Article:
VANCOUVER (miningweekly.com) – High-yield bonds issued in the metals and mining sector provide weak covenant protection, Moody's Investors Service said in a new report, issued Friday.
The average covenant quality (CQ) score under the credit rating agency's scoring criteria for the 56 North American metals and mining companies with high-yield bonds still outstanding as of March 31, drawn from Moody’s high-yield covenant database since 2011, is 3.9.
Covenant quality is based on a scale of one to five, with a higher score indicating weaker covenant protection.
Moody's high-yield covenant database contains covenant data for more than 3 000 bonds issued globally since January 2010.
The report finds the average CQ score is 3.55, with the risk category, leverage, having the worst score among all risk classifications, at 4, followed by risky investments at 3.81, excluding high yield lite bonds.
"The 16 high-yield lite bonds in our sample were issued by five issuers, three of which are fallen angels. However, only two of five are currently Ba-rated, the most likely to receive high-yield lite terms,” Moody's analyst Danny Gao stated in a release sent to Creamer Media’s Mining Weekly Online.
Moody's says the prevalence of HY-lite packages among steel companies is indicative of their stature in the industry, as well as a long history of issuing bonds and the ability to generate strong earnings growth when business conditions are more favourable, the rating agency stated.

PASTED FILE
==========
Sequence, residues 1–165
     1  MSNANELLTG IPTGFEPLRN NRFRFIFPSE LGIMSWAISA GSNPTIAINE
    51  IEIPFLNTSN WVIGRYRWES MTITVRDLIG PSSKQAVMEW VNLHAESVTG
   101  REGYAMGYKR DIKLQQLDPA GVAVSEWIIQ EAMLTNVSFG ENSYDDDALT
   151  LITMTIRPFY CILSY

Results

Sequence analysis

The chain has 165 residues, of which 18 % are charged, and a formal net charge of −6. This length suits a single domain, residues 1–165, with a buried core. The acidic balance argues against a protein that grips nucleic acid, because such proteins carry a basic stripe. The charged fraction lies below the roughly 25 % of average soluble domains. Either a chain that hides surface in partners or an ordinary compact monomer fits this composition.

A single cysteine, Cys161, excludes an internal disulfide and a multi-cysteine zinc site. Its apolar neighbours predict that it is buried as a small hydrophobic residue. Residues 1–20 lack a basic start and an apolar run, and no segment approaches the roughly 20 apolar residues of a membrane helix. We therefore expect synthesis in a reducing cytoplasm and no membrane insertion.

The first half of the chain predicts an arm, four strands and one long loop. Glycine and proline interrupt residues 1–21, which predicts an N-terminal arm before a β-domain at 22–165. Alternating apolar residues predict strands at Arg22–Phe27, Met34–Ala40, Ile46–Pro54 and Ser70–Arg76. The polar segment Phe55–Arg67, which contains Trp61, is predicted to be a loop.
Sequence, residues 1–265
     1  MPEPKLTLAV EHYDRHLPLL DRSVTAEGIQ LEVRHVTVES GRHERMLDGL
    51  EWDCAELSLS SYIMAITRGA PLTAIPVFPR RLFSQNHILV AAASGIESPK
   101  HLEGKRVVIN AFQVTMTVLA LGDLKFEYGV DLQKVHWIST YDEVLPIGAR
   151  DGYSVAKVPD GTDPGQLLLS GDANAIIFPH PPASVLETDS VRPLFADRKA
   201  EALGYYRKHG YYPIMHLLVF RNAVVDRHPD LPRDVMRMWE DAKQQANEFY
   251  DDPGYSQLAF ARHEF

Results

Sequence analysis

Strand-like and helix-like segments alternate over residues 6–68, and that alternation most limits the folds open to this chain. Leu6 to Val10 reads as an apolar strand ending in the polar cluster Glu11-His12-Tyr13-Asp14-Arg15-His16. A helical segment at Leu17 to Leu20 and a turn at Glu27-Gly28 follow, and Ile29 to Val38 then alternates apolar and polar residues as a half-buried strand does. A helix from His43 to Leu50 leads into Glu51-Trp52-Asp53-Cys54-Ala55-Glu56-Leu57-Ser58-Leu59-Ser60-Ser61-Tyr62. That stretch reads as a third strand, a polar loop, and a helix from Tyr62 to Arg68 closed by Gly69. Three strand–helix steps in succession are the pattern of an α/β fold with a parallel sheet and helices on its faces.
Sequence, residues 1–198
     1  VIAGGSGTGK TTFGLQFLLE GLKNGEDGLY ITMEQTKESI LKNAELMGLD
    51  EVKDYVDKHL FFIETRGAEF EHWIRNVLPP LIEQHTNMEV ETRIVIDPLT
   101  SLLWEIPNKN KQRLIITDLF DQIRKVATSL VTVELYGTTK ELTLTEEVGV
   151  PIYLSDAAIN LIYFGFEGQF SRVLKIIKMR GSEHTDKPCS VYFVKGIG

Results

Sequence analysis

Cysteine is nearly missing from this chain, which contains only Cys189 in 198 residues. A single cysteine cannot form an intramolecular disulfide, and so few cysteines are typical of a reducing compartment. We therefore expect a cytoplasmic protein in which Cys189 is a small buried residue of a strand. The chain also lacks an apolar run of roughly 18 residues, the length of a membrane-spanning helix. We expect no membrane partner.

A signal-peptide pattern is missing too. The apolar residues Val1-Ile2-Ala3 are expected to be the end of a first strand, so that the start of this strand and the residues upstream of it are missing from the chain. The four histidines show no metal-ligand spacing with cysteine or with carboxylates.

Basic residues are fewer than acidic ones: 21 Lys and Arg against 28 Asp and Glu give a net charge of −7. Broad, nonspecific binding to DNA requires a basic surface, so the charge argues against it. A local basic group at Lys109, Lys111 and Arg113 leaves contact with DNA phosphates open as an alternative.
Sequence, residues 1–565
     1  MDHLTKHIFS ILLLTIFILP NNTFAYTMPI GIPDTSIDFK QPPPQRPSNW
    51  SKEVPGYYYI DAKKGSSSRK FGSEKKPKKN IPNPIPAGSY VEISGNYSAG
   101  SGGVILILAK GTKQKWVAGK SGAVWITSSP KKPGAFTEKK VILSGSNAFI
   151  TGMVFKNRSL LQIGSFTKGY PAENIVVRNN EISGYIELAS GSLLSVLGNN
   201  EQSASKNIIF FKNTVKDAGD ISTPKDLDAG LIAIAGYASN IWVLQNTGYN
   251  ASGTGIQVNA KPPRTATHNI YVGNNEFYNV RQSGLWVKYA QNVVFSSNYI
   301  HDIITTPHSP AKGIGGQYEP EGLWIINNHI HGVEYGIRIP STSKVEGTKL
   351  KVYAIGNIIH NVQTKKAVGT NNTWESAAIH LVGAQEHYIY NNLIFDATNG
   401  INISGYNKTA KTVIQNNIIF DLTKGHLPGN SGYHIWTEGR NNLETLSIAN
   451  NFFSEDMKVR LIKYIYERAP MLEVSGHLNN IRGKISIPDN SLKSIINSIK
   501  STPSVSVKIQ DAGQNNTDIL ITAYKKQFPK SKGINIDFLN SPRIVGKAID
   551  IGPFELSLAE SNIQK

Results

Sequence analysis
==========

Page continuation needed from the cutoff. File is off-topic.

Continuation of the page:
Cov-lite (or covenant light) is financial jargon for loan agreements that do not contain the usual protective covenants for the benefit of the lending party.
However, after excluding the HY-lite bonds, the steel subsector provides the weakest covenant protection among all full-package bonds. The subsector saw an average CQ score of 4.02, with cash leakage (4.21,) risky investments (4.24), and leveraging (4.30) all receiving scores in the weakest range of the scoring criteria.
"One feature increasingly prevalent in full-package bonds is an issuer's ability to make any restricted payment, as long as a pro forma leverage ratio is satisfied," adds Gao. "If the ratio test is met, the restricted payments covenant is effectively removed."
Bonds issued by coal issuers, many of which have recently emerged from bankruptcy, have an average CQ score of 3.19, the best among all subsectors, thanks to three bonds issued in the first quarter of 2017 by Peabody Energy (B1 stable) and Foresight Energy (B3 stable), all of which provide above-market covenant protection.Creamer Media Deputy Editor